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Managing Prevent Plant Acres

Jun 17, 2019

Agronomy, Crop Management, Grain, Market Update, Soybean, Technology

Now that the planters and air seeders are parked from planting cash crops, it’s time to start looking at a plan to manage the soils that did not get planted this spring. Below are a few guidelines to help get this soil ready for next year!


Leaving soils with nothing growing on them is not an option! The days of cultivating several times during the summer or using herbicides to control weeds are long gone. These practices would create issues not just for next year but potentially for years to come.

First off, let’s look at tillage. There are several things multiple tillage passes do that are not good for the soil. Every tillage pass initiates evaporation of water which will then bring more salts from the lower soil profile to the top. This wicking up of salts works the same as water moving up the sheetrock when your basement gets wet. The movement of salts into the upper profile will limit crop growth next year and potentially beyond.

The second thing that happens with multiple tillage passes is that the soil aggregates and pore spaces get destroyed. These aggregates and pore spaces are needed for two major functions of the soil. The first is they provide space for water to move down through the profile and leach salts out of the root zone. The second is these spaces provide room for oxygen in the soil. This is essential to keeping soil microbes and plant roots healthy.

The third important thing that happens when multiple cultivations occur is the accumulation of water in the soil profile (remember summer fallow days). Plants growing will use up far more water than can ever evaporate off a field.

The use of multiple herbicide passes during the summer to control weeds has two draw backs. The first is that it will be expensive. The second is that the use of herbicides in this way will continue to build resistance in weed populations. So, to keep your herbicides working for years to come, try to use as few applications as possible. The best way to limit herbicide is to plant a cover crop that will shade out weeds!



Cover crops are a key piece to managing soils that have not been planted. Cover crops carry out several important functions to help get these soils ready for planting next spring.

The first is that cover crops use water. These cover crops will use excess water the entire time they are growing. As these cover crops dry out the top portions of soil profile, they allow for summer rains to move down through the soil profile rather than running off. These summer rains moving through the profile will help leach salts out of the top portion of the soil.

Close up of cover crops

The second thing cover crops do is provide roots for beneficial soil microbes to live on. Of these microbes, one of the most important is mycorrhiza fungi. These fungi colonize on plant roots and help the plant pull both water and phosphorus from the soil. When tillage is done or no living plant roots are in the soil, these fungi start to die off and will take time to recover once there are living plant roots present. Many times, the year following a fallow year we will see fallow syndrome in grass crops which is caused by the lack of mycorrhiza fungi. Also, living plant roots will help keep the other beneficial microbes in the soil healthy and living. These microbes aid in breaking down organic matter into the nutrients our crops use.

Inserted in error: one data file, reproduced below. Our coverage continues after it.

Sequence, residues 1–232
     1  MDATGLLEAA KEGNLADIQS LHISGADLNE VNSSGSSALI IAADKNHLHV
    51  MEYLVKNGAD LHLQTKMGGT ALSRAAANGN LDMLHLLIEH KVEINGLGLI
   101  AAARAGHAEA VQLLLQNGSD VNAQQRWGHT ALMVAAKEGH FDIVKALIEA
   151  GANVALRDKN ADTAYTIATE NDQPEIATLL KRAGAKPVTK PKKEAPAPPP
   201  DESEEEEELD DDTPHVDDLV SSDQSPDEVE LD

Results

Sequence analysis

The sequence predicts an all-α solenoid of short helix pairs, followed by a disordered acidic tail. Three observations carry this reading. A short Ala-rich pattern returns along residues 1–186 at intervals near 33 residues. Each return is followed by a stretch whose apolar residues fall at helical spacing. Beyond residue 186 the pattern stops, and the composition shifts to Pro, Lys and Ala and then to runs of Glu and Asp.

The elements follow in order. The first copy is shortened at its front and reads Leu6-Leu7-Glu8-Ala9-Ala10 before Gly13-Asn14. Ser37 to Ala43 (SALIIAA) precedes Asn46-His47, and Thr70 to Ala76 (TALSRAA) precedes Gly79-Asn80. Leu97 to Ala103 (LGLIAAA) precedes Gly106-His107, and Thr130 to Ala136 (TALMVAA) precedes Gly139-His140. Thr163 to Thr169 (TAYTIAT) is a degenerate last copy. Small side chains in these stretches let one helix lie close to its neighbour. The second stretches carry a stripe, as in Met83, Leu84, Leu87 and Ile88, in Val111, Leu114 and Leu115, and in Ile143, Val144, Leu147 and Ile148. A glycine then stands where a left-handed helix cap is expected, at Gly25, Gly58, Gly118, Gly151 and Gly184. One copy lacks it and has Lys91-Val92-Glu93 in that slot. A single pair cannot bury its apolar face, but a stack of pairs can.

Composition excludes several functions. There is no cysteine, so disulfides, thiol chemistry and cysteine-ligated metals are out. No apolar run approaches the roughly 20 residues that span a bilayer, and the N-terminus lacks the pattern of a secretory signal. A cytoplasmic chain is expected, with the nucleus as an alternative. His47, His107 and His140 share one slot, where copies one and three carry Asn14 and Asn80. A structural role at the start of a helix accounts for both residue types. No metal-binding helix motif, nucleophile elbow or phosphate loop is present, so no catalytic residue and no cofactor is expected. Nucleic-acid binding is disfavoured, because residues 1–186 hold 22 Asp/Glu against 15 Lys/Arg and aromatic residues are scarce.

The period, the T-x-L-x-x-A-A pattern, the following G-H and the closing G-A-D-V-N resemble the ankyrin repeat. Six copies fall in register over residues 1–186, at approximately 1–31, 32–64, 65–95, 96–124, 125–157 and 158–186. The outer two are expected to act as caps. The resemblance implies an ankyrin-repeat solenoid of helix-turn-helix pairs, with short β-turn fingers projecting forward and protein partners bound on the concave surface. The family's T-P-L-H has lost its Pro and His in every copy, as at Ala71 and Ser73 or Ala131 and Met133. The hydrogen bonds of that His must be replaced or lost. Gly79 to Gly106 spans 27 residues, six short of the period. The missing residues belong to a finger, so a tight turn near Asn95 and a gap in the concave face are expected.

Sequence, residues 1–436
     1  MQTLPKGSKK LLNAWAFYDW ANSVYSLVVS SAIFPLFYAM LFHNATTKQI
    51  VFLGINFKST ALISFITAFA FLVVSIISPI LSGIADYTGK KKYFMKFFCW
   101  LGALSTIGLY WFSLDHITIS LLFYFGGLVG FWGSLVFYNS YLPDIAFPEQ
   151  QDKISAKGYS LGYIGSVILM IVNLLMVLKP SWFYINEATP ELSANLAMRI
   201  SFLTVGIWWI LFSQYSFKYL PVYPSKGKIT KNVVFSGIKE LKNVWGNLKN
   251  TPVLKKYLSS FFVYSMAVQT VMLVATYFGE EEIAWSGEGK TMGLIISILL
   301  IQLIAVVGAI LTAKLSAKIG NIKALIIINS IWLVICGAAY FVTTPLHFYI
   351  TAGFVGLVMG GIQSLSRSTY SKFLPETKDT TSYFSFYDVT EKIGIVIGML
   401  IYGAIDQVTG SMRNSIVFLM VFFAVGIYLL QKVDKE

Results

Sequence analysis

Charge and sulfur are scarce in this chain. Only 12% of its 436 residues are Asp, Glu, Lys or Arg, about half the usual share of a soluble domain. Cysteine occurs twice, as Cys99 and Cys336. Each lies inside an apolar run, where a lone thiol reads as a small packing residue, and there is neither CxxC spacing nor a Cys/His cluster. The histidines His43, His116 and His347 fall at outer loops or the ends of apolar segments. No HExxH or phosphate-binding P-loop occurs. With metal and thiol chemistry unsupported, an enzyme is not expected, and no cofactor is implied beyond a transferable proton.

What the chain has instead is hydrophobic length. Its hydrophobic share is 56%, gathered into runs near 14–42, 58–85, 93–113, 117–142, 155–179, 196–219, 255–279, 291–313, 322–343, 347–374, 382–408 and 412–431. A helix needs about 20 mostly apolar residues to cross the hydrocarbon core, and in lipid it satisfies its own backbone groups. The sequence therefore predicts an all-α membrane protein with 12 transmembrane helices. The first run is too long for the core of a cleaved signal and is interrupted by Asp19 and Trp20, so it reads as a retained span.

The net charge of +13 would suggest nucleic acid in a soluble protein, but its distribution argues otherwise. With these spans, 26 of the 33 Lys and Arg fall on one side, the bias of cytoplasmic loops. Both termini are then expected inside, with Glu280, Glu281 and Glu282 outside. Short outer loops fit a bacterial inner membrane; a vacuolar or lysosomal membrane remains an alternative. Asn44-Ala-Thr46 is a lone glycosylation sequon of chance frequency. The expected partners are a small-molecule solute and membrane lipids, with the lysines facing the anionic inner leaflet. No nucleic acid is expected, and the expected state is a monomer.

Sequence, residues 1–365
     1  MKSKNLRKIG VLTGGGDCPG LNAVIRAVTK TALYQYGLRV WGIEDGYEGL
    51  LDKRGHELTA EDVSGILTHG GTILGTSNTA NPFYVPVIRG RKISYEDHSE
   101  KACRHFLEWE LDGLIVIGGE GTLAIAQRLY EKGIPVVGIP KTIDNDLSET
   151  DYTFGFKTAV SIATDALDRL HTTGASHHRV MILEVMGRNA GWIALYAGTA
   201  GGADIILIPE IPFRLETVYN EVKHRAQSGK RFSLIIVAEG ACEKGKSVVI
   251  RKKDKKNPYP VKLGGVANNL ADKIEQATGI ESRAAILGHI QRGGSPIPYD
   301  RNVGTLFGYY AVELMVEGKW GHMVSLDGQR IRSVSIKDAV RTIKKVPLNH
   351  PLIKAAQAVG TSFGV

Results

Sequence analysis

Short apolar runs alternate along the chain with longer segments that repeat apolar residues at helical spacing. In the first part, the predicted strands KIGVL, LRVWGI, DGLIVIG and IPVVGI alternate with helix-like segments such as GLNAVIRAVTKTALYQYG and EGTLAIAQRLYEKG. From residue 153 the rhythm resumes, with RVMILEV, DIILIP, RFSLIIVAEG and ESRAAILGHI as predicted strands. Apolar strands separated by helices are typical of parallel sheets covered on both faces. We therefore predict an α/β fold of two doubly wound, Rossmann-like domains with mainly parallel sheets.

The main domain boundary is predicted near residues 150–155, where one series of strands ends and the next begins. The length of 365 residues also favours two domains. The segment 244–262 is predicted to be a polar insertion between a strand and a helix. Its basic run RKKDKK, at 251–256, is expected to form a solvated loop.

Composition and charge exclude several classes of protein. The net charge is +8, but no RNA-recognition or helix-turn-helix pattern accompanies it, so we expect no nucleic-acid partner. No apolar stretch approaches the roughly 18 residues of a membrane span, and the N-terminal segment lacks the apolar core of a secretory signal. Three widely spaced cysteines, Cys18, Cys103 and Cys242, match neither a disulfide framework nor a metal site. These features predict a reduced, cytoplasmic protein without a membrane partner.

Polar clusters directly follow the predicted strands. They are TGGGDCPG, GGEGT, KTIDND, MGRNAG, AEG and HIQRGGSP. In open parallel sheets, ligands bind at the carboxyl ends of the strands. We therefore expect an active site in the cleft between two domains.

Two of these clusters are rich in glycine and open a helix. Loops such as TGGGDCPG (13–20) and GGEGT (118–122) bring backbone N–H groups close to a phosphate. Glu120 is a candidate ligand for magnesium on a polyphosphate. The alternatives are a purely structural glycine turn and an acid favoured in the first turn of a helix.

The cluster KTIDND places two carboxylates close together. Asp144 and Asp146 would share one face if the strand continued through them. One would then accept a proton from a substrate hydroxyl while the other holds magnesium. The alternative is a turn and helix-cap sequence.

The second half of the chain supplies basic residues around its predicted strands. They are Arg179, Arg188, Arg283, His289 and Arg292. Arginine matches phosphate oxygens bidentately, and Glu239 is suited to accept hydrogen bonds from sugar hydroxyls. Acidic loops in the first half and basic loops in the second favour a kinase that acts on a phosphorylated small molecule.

The third important thing that cover crops do for soils is they provide protection from wind and water erosion. The growing plants will intercept rainfall before it hits the ground, helping limit soil from breaking apart and running off. The growing plants will also keep the wind from blowing soil off the field.

Arthur Agronomist Brandon Hokana with cover crops

The fourth and probably one of the most easily seen benefits of cover crops is that they keep weeds from growing. The canopy provided by the cover crop will keep weeds such as kochia, common ragweed, and waterhemp from emerging and going to seed. Keeping weeds under control and from going to seed will pay huge dividends not just for next year but for years to come.




Make sure to manage cover crops to achieve your goals for the soil. Here are things to consider that will ensure your cover crops are working for you.

  1. What will your 2020 crop be? To help keep disease and insects from affecting next year’s crop, don’t use the same species this year that you plan to plant next year. Also, try to pick cover crops that will benefit next year’s crop (i.e. plant a legume species if you plan to plant a grass crop next year).
  2. What do you need to do in your fields with cover crops? If you need to break up compaction in your fields be sure to include radish in the mix you plant. If you are looking to use up as much water as possible, plant a high-water use species such as sunflower. If you are looking to build more soil aggregates, try to include a small grain species.
  3. How much is in your budget for cover crop seed? Set a budget and stick to it. You do not need to use a 20 species cocktail mix that costs $50/ac to get the benefit of a cover crop. Use seed that you have on farm already or seeds you can buy for cheap. Try to use 3-4 species and not spend more than $20/ac on the seed.
  4. Kill the cover crop if needed. If there are species in your mix that are close to going to seed and you don’t want them to, don’t be afraid to use a chemical application to take that species out.

These are just a few quick guidelines to help you succeed in preparing your soils for next year. To help you get the exact results you are looking for, be sure to visit with your ACI agronomist. Thanks for your business, and we look forward to helping you get ready for 2020!